... as far as Shobogenzo translations, Waddell/Abe, is perhaps the most "accurate" even though out of date in some ways (it is a reprint of renderings done in the 1970s). Tanahashi's several books are always very very good, and perhaps the most accessible to a non-scholar (at the intersection of literal accuracy and readability). He highly recommended those. Nishijima/Cross, he said, is the best of the complete translations, but it has many problems in grammar, typos and other small quirks (due to my teacher's limited English abilities and some peculiarities about Chodo Cross' style and Nishijima Roshi's personal philosophy) that it is best for serious students who can pick out the minor problems and see the underlying strength.

                    The Soto Text project promises someday to be the best overall, but is coming out in small doses, still spotty and not quite living up to potential yet. Nishiyama/Stevens and Yokoi are to be avoided. Cleary, Masunaga, and Shasta all have some strengths, but are not nearly as good as the first sets above.
                    That is from a Dogen scholar's point of view.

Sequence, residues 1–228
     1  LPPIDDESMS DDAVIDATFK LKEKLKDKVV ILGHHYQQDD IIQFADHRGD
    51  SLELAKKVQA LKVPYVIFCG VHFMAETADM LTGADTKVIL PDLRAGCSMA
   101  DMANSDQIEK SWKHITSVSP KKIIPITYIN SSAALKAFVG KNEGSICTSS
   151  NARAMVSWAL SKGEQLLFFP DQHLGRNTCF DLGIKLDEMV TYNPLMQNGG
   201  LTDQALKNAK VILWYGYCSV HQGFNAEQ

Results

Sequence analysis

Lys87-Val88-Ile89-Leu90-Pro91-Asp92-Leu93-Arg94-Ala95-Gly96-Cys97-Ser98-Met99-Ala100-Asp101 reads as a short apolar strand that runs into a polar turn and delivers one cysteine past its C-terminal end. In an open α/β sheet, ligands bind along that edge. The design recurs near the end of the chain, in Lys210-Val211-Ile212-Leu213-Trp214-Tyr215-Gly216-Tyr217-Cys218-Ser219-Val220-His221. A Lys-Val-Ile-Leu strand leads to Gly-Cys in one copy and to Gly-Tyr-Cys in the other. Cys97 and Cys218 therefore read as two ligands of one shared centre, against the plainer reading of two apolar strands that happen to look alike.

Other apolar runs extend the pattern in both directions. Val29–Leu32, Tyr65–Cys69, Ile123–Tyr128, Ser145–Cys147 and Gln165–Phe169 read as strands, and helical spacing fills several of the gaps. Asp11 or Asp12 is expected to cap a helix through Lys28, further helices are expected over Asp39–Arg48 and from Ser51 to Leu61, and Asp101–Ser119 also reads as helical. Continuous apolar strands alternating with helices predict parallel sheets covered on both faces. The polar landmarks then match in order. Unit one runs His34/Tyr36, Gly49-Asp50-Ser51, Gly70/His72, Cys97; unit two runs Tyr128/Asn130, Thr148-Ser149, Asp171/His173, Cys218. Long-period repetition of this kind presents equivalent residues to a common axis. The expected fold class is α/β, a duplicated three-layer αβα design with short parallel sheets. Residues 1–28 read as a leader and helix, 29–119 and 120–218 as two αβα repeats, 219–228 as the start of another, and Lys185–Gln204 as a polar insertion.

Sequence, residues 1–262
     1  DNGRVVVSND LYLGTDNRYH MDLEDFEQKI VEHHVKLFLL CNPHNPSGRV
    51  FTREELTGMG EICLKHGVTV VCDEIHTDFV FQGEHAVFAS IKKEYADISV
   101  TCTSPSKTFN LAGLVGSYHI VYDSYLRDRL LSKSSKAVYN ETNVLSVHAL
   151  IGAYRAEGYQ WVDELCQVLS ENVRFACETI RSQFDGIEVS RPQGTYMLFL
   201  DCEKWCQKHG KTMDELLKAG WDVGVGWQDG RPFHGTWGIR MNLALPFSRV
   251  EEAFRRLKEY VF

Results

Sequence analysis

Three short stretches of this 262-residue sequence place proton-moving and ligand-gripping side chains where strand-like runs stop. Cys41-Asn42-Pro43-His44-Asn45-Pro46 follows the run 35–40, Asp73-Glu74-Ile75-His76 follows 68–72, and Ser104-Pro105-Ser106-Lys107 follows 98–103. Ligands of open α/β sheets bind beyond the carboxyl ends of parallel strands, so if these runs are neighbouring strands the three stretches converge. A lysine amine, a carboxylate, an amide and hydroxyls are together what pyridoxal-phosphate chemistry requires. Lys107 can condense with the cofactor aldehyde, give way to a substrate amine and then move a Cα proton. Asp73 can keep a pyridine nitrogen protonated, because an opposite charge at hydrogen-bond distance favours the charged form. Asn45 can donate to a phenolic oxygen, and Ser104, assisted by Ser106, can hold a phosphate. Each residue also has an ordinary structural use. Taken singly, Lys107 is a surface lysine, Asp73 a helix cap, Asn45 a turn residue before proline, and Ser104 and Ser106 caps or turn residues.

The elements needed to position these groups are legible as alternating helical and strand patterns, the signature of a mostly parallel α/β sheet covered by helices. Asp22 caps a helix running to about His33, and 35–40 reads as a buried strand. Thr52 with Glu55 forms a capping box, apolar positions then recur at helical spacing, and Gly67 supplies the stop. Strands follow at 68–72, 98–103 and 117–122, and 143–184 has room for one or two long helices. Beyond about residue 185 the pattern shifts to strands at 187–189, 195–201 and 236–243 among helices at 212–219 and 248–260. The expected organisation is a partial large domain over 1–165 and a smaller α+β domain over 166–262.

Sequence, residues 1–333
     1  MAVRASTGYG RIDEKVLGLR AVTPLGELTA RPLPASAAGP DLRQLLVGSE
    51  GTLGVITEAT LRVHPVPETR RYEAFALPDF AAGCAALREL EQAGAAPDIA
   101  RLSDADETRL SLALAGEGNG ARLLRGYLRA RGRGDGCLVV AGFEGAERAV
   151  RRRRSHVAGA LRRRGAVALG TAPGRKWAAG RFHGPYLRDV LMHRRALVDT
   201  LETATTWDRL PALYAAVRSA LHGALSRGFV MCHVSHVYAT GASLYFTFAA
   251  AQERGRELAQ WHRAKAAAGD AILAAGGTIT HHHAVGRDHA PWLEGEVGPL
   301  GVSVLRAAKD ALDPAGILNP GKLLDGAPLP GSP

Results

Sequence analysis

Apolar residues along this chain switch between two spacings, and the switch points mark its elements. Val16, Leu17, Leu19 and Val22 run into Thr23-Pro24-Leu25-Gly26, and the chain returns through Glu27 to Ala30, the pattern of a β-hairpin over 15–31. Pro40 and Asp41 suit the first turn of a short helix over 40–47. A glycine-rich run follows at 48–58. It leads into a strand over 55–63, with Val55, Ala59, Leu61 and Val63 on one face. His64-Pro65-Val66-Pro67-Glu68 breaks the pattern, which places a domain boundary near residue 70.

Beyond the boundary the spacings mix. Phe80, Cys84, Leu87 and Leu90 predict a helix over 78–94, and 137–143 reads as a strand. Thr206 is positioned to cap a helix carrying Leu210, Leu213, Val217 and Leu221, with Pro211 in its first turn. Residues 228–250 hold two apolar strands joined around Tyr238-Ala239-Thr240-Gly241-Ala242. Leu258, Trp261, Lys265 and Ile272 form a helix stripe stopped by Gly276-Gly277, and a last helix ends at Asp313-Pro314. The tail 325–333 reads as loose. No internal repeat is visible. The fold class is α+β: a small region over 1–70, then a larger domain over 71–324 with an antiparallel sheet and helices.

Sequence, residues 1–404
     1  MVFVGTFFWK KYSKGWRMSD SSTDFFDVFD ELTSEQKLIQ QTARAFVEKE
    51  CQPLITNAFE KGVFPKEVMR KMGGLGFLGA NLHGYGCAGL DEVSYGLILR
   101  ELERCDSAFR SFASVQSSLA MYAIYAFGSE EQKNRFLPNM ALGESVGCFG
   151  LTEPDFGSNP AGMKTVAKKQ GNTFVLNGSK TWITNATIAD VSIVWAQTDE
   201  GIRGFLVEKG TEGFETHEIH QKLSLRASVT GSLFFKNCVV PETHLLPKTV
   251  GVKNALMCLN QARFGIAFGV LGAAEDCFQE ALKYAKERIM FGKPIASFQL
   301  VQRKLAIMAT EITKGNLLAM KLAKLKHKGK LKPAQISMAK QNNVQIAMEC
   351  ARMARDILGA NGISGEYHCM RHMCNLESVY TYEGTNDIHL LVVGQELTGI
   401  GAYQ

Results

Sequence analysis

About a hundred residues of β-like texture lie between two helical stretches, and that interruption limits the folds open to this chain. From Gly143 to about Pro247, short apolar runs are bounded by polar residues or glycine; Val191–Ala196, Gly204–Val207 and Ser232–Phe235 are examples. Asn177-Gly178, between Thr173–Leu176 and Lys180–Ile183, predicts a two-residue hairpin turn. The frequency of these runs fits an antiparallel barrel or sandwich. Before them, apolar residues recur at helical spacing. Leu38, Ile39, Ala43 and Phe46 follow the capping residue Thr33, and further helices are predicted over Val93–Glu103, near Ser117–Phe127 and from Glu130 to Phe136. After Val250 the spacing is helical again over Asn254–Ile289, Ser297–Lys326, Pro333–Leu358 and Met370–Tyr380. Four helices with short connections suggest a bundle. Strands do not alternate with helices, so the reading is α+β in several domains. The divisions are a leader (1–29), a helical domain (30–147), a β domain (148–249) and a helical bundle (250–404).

I very much appreciate to read, for example, one of the other translations hand-in-hand with the "Soto Zen Text Project" version, when available. The reason is the wonderful work that has been done in tracing the history of the citations by Dogen which pepper the Shobogenzo.

                    Now, recently Kazu Tanahashi issued a full translation of the Shobogenzo (he had issued bits and pieces in past decades) that we have discussed before, and which I think will become the most widely used English Shobogenzo in the Zen World because it is a lovely mix of style (very important to Dogen, the wordsmith) and scholarship and substance and readability, sacrificing not too much on each front, by a gifted poet and Dogen scholar in conjunction with other gifted writers, priests and Dogen scholars.